New music from Green Carnation has long been awaited by many. It’s been twenty years since their debut, and almost fifteen since their most recent release. Leaves of Yesteryear is an absolutely outstanding return to form, and a major statement of intent – but is it an album, or an EP? By its length alone, it would be hard to argue it is an EP, but by its content it conforms far more to what one might expect from that shorter form of release. There are only three new original songs, one reworking of a song from their debut, and a Black Sabbath cover. That’s not to say they are not good, for they most definitely are – but, despite the length, this release never feels more than an EP. Unlike some, I don’t see that as a bad thing. I have seen many complaints about the release on social media, but as much as I might have been expecting something different, I am more than happy with this release.
For me, Leaves of Yesteryear works like an EP released ahead of a magnificent album, and based on the material from this release, the forthcoming album (and I’m sure there will be one) will be magnificent. The title track is one of the most enjoyable Green Carnation songs yet. It brings together both the Green Carnation sound I love (their first two albums), and the Green Carnation sound I like, but which am not so fond of (their next two albums). I think a lot of people were wondering just what new Green Carnation might sound like. I’ve made a point of not reading any reviews (as I never like to read others’ reviews before writing my own), but from what I’ve seen on social media, most people (myself included) have been very happy with the blend of the dark, gloomy and doomy with the more alternative and melodic that the band have created.
Sentinels is another great new song, but it has quite a different sound from the title track. More direct, and with driving heaviness and intensity, it reminds me a little of Queen’s Innuendo put in a blender with Amorphis. I didn’t find it as immediately engaging as Leaves of Yesteryear, as it wasn’t really what I was expecting, at all. It is so different from anything else on the release, that it (for me) only heightens the sense of this being more of an EP than an album. As much as I enjoy Sentinels now, it still feels out of place, particularly when the preceding track is such an amazing reference to their past sound, with a distinctly modern and novel twist, and the following is a reworking of one of their most beloved songs.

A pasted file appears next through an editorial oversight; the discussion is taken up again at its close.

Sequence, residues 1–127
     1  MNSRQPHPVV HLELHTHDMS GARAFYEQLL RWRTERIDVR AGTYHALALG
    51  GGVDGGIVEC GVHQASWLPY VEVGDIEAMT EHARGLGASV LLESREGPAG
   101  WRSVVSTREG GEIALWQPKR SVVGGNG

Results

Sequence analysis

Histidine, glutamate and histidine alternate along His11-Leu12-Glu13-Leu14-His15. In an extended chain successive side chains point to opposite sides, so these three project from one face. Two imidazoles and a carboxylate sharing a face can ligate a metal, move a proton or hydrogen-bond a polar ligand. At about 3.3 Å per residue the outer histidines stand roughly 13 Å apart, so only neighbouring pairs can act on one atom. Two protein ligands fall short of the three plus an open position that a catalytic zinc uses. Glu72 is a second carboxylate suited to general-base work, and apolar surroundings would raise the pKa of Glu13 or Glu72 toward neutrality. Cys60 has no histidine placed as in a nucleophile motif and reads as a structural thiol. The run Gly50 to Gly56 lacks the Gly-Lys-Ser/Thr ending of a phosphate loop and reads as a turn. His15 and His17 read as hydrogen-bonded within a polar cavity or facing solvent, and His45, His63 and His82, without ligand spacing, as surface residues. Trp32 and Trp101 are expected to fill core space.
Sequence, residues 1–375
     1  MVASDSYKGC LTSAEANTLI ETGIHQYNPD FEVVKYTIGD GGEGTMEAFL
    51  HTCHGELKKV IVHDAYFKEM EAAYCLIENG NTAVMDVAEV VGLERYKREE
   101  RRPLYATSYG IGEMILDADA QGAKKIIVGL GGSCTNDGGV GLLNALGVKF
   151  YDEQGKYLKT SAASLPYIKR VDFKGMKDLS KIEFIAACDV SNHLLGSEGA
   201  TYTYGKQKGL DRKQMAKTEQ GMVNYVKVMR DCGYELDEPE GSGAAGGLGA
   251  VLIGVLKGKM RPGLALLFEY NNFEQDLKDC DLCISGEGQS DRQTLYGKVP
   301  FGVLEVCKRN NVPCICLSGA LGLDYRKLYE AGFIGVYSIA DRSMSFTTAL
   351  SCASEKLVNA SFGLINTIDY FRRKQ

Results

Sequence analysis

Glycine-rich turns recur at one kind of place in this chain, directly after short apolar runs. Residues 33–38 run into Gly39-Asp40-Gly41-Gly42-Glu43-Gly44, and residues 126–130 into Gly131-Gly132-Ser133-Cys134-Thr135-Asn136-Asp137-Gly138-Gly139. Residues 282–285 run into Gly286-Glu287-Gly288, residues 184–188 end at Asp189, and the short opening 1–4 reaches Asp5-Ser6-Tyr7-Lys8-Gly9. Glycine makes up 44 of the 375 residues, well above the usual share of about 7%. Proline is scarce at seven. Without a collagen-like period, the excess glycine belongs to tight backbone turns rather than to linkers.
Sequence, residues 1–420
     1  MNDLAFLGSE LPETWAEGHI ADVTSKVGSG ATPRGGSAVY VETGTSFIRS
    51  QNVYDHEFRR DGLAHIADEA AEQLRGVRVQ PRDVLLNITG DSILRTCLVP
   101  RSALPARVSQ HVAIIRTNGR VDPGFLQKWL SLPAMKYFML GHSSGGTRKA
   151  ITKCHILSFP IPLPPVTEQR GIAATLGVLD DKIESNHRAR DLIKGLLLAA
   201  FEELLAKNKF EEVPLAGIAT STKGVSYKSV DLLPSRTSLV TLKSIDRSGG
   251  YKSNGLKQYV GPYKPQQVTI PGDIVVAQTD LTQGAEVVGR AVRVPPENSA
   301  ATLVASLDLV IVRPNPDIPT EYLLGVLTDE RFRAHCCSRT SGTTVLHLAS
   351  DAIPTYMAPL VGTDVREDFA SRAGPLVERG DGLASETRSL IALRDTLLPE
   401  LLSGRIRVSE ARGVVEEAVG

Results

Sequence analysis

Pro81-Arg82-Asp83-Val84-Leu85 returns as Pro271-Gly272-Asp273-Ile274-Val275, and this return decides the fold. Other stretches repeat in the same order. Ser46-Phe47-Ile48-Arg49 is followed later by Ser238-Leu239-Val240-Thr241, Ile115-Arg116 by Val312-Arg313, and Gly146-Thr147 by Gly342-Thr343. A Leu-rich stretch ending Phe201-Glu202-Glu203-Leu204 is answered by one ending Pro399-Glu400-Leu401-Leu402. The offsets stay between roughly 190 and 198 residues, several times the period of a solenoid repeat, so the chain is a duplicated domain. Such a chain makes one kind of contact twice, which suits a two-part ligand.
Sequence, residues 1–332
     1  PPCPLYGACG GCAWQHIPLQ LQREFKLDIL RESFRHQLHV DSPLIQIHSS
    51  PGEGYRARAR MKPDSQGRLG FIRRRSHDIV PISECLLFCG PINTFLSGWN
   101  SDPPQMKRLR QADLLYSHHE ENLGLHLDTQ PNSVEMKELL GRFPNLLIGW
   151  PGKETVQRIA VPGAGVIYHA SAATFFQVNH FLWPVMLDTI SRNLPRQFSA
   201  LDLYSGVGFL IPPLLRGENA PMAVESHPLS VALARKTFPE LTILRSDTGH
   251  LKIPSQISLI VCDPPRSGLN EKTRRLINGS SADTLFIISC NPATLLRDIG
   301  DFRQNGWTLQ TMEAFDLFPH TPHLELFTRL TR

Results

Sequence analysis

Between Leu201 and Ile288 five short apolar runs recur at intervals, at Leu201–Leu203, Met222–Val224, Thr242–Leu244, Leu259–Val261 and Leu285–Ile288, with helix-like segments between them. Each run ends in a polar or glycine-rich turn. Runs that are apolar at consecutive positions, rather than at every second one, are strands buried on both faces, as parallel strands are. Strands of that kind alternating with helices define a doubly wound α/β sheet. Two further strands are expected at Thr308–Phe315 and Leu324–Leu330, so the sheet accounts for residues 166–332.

And that reworking? Well, I was initially highly sceptical when the track listing was announced and My Dark Reflections was there. The longest track of the newest release is a song from twenty years ago. But, wow! On hearing it, I am taken aback. Familiarity initially meant this was my favourite track here, and it still is right up there (even if I would probably now give the title track that honour), but this track works only because Leaves of Yesteryear feels like an EP. It would stick out like a sore thumb on an album. It’s a tremendous reworking (which I think I may even prefer over the original – and that is not something I expected at all!), but it’s too rooted in the band’s past to be part of their future. Then again, one line from the song strikes hard: “Light of Day, Day of Darkness”. That is one part of the band’s past, that many fans long to be part of their future. A long-awaited sequel to their one song epic album has never been forthcoming. Could the choice of song to rework for this release be a sign that maybe…? No, best not to dwell on that.